The Tenant of Wildfell Hall by Anne Bronte is excellent.It is about a woman who leaves her husband and falls in love with another man. Written in 1848 it is very insightful and deals with alcoholism and abuse. Very good read.Agnes Grey by Anne Bronte is also good dealing with the life of a governess in Victorian England.The Mayor of Casterbridge by Thomas Hardy is also worth a read. About a man who gets drunk and sells his wife and child. Years later the wife finds him and there are all sorts of twists and turns to the story.I’d also recommend Middlemarch and Vanity Fair but they are large books and might be a little overwhelming.

  4. vallecular says:

    The Inheritance by AlcottA young orphan girl who was raised by a rich family discovers her true roots. Little Women by AlcottFour sisters grow up in New England while their father is at war. A Christmas Carol by Dickens. A bitter, selfish old man is visited my ghosts who try to prevent him from spending eternity in hell and help him learn to love his fellow man again.A Girl of the Limberlost by PorterA young girl must deal with her emotionally abusive mother and the absense of her father. She loves the Limberlost, a swampy forest area near her home in Indiana. I adored this book at your age.To Kill a Mockingbird by LeeA man is falsely accused of raping a girl.

  5. fistic says:

    To Kill a Mockingbird by Harper Lee is my favorite classic – it’s narrated by a woman looking back on her life as a young girl. Scout Finch tells her story of growing up in Alabama in the 1930′s. The novel deals with such topics as racism/social prejudice, growing up, good vs. evil, … all sorts of issues. Seriously, you have to read this book if you haven’t already. =)Also recommended – East of Eden by John Steinbeck. It’s a bit long, and starts out a bit slowly, but progresses into a terrific story. It tells of the lives of several generations of two families in the Salinas Valley in California. It’s got many parallels to the early Bible stories (Genesis, etc.).Another classic I’ve liked is Catcher in the Rye. It’s basically the typical teenage angst novel, and most teens can easily relate to the narrator, Holden. It’s a quick read – I read the whole thing in about 2 hours. Try looking up the summaries/reviews of these books on amazon.com… my descriptions couldn’t do them justice! =)

  6. campana says:

    If you’d like something short, Ernest Hemmingway’s “The Old Man and the Sea” is really good. The story line is about an old Cuban fisherman going out in his little boat — but one day, after 80 days without a bite — he finally catches this HUGE fish! It’s so big that it drags him in his boat across the Gulf. He finally lands the fish, ties it to the boat and begins to row home. I won’t spoil the story for you — it’s really good. There are good themes of heroism, manhood, pride and success.The thing you need to pay attention to is the symbolism. Your teacher will absolutely ask you about this! The old man is a symbol for humanity. The fish is a symbol for religion.I hope you find something interesting to read for school. I also like Mark Twain: Huck Finn is good, if your teacher will allow more current books, Jack London’s “Call of the Wild” is terrific.Good luck!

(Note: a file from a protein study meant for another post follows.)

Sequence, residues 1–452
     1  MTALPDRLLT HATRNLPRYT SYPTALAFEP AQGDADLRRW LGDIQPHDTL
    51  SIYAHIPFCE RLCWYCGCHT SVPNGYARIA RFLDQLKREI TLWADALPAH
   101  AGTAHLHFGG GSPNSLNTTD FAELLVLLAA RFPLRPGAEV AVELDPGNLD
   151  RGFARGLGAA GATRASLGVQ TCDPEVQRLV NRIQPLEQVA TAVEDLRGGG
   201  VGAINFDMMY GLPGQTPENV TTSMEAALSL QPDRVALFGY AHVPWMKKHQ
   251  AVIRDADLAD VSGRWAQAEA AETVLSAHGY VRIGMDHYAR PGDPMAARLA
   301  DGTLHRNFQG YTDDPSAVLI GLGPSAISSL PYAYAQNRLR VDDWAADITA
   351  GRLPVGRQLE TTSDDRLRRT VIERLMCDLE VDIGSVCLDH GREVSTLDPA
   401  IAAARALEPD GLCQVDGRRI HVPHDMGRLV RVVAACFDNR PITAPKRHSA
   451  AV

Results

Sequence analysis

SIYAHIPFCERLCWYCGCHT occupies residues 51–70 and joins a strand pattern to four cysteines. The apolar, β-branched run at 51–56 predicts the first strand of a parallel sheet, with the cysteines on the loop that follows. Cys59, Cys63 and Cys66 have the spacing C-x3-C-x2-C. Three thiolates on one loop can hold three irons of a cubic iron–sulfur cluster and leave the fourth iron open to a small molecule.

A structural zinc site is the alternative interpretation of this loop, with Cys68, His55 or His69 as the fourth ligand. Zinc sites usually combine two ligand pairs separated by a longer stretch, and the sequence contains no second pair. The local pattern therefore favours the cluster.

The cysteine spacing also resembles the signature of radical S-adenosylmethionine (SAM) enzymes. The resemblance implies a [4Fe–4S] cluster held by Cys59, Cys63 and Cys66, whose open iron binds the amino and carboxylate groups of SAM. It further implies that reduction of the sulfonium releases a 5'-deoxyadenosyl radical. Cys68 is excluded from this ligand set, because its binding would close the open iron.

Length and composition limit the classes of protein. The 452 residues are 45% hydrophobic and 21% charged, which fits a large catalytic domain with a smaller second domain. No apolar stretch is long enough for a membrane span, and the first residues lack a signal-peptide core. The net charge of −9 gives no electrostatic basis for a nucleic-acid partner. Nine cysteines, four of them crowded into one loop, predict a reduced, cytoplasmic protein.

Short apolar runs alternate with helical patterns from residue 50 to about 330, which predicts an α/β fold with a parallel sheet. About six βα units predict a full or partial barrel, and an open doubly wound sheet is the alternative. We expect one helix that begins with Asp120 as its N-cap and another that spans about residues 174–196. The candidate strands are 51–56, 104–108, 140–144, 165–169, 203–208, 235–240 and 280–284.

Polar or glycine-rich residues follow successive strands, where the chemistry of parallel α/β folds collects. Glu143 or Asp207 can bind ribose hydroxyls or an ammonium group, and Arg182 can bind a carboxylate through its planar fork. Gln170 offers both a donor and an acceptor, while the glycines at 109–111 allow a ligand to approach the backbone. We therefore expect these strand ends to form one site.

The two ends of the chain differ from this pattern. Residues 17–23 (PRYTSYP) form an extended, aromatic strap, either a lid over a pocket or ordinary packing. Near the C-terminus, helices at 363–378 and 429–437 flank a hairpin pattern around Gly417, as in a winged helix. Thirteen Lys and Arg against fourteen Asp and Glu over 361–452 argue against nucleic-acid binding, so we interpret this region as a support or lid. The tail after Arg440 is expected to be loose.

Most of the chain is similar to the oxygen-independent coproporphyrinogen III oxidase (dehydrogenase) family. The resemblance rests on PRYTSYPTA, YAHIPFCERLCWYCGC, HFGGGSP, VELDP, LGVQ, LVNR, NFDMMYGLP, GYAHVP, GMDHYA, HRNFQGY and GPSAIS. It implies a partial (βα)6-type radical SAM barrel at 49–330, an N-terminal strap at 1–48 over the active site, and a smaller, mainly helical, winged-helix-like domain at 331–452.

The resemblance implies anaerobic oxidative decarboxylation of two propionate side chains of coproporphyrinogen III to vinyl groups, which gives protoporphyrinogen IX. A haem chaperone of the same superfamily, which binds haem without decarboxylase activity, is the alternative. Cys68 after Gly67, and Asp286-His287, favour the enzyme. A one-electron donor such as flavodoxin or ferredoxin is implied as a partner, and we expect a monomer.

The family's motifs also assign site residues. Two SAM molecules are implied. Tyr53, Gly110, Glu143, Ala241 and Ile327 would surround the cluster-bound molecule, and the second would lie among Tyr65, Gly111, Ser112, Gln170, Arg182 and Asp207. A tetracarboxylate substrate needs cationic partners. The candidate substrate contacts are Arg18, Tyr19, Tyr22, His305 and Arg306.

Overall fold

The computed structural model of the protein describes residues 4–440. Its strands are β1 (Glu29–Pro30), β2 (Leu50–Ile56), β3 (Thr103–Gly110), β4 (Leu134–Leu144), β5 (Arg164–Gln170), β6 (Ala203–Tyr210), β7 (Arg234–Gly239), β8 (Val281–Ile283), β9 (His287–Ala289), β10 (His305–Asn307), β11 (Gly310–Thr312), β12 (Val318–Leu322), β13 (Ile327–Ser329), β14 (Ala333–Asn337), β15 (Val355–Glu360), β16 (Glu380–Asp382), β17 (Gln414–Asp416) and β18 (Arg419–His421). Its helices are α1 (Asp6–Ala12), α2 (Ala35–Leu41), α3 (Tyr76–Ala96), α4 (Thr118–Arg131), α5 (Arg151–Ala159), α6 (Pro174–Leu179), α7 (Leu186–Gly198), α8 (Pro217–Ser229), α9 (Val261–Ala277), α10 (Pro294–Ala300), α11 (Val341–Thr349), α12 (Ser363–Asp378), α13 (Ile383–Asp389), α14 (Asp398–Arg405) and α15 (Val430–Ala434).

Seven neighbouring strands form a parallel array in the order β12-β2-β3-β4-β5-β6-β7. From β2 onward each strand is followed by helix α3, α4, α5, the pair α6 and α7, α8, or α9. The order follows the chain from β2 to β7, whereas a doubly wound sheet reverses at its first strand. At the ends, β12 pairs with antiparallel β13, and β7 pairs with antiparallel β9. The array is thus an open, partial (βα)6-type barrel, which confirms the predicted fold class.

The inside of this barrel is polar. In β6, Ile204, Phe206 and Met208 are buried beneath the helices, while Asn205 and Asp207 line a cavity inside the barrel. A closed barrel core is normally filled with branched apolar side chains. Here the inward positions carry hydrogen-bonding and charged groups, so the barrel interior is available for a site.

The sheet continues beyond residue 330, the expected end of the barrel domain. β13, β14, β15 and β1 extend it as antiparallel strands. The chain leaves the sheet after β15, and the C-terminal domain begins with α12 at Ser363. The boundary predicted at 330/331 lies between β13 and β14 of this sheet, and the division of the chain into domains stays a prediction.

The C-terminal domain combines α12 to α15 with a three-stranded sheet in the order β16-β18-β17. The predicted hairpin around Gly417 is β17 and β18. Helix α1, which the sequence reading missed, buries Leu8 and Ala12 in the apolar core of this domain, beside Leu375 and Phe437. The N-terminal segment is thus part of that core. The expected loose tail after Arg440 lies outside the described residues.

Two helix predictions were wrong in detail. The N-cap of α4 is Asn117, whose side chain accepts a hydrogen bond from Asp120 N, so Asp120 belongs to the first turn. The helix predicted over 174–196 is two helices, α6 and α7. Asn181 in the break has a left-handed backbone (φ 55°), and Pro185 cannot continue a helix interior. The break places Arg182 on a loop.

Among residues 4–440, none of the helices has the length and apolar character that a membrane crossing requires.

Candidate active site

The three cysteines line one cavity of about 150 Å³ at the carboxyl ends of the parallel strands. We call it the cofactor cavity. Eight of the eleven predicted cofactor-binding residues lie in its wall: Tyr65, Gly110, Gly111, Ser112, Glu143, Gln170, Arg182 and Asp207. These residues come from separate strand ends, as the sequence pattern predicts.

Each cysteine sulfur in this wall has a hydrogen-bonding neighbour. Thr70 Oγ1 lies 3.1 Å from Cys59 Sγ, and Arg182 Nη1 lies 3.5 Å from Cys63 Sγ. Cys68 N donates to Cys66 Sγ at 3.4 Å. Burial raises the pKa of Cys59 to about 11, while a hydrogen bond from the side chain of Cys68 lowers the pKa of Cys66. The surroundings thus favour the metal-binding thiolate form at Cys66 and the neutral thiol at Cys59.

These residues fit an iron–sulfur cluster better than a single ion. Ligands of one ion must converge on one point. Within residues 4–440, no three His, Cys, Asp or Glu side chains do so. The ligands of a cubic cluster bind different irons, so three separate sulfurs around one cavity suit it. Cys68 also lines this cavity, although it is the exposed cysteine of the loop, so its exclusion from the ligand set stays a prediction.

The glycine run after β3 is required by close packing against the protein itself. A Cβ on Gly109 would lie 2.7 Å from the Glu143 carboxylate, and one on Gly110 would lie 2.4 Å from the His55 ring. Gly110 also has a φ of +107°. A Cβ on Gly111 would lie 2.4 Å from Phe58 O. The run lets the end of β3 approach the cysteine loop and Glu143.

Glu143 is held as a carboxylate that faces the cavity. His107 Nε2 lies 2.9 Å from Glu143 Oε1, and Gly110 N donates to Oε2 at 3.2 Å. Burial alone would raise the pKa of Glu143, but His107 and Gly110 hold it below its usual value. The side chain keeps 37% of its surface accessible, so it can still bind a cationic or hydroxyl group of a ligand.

7. rescreening says:

    I don’t know if it qualifies, but The Count of Monte Cristo by Alexandre Dumas is one of my favorite classics. It’s the story of Edmond Dantes, a young sailor in France who is thrown into prison for a crime he didn’t commit – framed by jealous friends who are helped by others who have motivations like greed. After 20 years, he finally escapes and plots his revenge. It’s a really good read, and has been one of my favorites for years.A few other possibilities:The Scarlet Pimpernel by Baroness Orczy – this is the basis for stories like Zorro and Batman. It’s set during the French Revolution, and Sir Percy Blakeney is a fashion-obsessed, vain, empty-headed English aristocrat. He’s also secretly the leader of a group that’s smuggling French aristocrats across the Channel and saving them from the guillotine. Unfortunately for him his wife is French, and when her brother is captured she is blackmailed into trying to find out the Pimpernel’s secret identity. When she does she has to choose between her husband and her brother.The Picture of Dorian Gray by Oscar Wilde – A Gothic horror story. Dorian Gray is a young aristocrat who is interested only in beauty, and wishes he would never age. His wish is granted – while he remains physically young and beautiful, his evil soul is reflected in a painting of him.Dracula by Bram Stoker – I don’t think I have to tell you what it’s about, but it’s a great book and considered classic literature by mant.